If you're overfishing at the top of the food chain, and acidifying the ocean at the bottom, you're creating a squeeze that could conceivably collapse the whole system.— Carl Safina
The most simplistic Carl Safina quotes you will be delighted to read
If you ask the fish whether they'd rather have an oil spill or a season of fishing, I wouldn't be surprised if they'd vote for another blowout.
From the happy-go-lucky days of oil exploration and drilling, when a lot of easy sources were being found and easily managed, we're gotten ourselves into this sort of apocalyptic time. We're willing to destroy almost everything, risk almost anything, and go ahead with techniques for which we have no way of responding to the known problems.
I am drawn to the wild not because it is wild but because it is sensible, logical, ordered, stable, resilient. Wild nature is everything we're struggling to regain.
To save the seas, we can eat sustainably and be conscious of the seafood we eat.
The creatures of the sea hold special mystery, and they are among the most exciting, graceful, and beautiful on Earth. Just consider the living riot of a coral reef, the beauty of an albatross, the awesome power of a giant turtle, the grace of a dolphin. Now multiply that by the millions of creatures in the sea. Wow!
Whether on'e special emphasis is global warming or child welfare, the cause is the same cause. And justice comes from the same place being human comes from: compassion.
The ocean is not just blank blue space but rather the habitat for amazing wildlife, and we have to take care how we use it. If we want to keep having the goods and services it provides, we have to treat it more carefully in terms of fishing and dumping.
We are blessed with a magnificent and miraculous world ocean on this planet.
But we are also stressing it in ways that we are not even close to bringing under control.
If you look right, you can see the whole world from wherever you happen to be.
For proponents of ecosystem-based management,the good news is that another new book, Ecosystem-based Management for the Oceans, conveys the topic at its state-of-the-art level of development...both Marine Ecosystems and Global Change and Ecosystem-based Management for the Oceans are valuable troves that could profitably be mined, and any academic bookshelf would wear them well.
Many people believe the whole catastrophe is the oil we spill, but that gets diluted and eventually disarmed over time. In fact, the oil we don't spill, the oil we collect, refine and use, produces CO2 and other gases that don't get diluted.
Saving the world requires saving democracy.
That requires well-informed citizens. Conservation, environment, poverty, community, education, family, health, economy- these combine to make one quest: liberty and justice for all. Whether one's special emphasis is global warming or child welfare, the cause is the same cause. And justice comes from the same place being human comes from: compassion.
Fishing provides time to think, and reason not to.
If you have the virtue of patience, an hour or two of casting alone is plenty of time to review all you’ve learned about the grand themes of life.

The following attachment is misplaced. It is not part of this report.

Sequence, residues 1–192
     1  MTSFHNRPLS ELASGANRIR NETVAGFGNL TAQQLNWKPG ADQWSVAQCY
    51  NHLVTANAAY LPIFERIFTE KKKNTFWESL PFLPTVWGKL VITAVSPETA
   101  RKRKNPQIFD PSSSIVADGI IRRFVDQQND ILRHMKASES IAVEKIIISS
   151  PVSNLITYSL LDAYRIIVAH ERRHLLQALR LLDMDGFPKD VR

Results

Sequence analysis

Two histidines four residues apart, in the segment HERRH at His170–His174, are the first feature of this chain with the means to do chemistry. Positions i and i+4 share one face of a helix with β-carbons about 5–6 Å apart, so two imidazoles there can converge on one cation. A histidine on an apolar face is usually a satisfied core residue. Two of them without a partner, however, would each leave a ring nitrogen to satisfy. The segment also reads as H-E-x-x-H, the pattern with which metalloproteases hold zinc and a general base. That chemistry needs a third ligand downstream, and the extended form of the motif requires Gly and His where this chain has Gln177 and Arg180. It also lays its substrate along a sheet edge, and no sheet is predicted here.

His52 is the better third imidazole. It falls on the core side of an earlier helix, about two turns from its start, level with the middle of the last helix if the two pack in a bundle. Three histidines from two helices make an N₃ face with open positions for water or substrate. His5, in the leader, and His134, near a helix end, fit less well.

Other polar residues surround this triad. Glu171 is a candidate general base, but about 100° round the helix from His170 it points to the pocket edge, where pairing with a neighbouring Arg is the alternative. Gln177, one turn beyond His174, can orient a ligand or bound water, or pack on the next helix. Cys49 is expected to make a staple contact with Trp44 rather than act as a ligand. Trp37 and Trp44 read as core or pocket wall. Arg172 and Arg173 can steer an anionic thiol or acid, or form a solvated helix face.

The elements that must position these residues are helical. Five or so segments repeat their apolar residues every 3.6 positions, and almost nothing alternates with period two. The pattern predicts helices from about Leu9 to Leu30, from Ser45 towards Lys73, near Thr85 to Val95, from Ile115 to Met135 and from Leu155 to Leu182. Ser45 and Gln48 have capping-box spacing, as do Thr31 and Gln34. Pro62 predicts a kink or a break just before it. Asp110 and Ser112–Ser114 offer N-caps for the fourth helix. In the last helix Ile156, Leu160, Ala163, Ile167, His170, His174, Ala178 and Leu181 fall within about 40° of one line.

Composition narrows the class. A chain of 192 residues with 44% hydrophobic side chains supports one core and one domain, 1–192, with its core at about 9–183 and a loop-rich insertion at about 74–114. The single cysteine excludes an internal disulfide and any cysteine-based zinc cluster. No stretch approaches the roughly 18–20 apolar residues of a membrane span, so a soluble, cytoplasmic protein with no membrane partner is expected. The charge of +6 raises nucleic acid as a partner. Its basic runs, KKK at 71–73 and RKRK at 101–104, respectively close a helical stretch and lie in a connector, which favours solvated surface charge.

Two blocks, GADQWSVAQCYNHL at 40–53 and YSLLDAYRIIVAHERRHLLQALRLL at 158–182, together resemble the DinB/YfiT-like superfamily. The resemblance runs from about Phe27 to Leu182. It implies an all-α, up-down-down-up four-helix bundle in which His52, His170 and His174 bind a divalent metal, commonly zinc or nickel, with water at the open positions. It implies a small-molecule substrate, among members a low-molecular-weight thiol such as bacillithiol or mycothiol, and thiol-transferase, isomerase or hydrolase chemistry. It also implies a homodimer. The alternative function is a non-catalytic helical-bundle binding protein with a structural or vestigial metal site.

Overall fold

But one doesn't wait for a revolution. One becomes it.
A painting is nothing more than light reflected from the surface of a pigment-covered canvas. But a great painter can make you see the depth, make you feel the underlying emotion, make you sense the larger world. That, too, is the power of science: to sense and convey the depth and dimensionality of nature, to glance at the surface and to divine the shape of the universe around us.
Maybe we’ll live to see sharks recover.
Right now, that seems as improbable as seeing all these falcons. Hope is the ability to see how things could be better. The world of human affairs has long been a shadowy place, but always backlit by the light of hope. Each person can add hope to the world. A resigned person subtracts hope. The more people strive, the more change becomes likely.
Any honest inquiry into the reality of nature also yields insights about ourselves.
Several groups have information evaluating seafood sustainability.
I wrote the first such guide, and seafood pocket-guides and detailed evaluations of different seafoods are available for download from the group I founded, Blue Ocean Institute.
The compass of compassion asks not what is good for me? but what is good? Not what is best for me but what is best. Not what is right for me but what is right. Not how much can we take? but How much ought we leave? and how much might we give? Not what is easy but what is worthy. Not what is practical but what is moral.
Try to cut down drastically on plastic.
Recycle. Use less energy and more renewable energy. We can all live better by doing better for ourselves and the sea!
Economists don't seem to have noticed that the economy sits entirely within the ecology.
For each of us, then, the challenge and opportunity is to cherish all life as the gift it is, envision it whole, seek to know it truly, and undertake-with our minds, hearts and hands-to restore its abundance. It is said that where there's life there's hope, and so no place can inspire us with more hopefulness than that great, life-making sea-that singular, wondrous ocean covering the blue planet.
We live on the most fragile little soap bubble you can imagine - a very sacred soap bubble, but one that is very, very easy to affect.
We put the murderer in charge of the crime scene.
It does the things we're also most concerned about.
It tries very hard to stay alive. It's motivated to reproduce. It gets hungry and goes to look for food. It gets frightened. Compared to other things in the universe, we and the albatrosses are almost identical.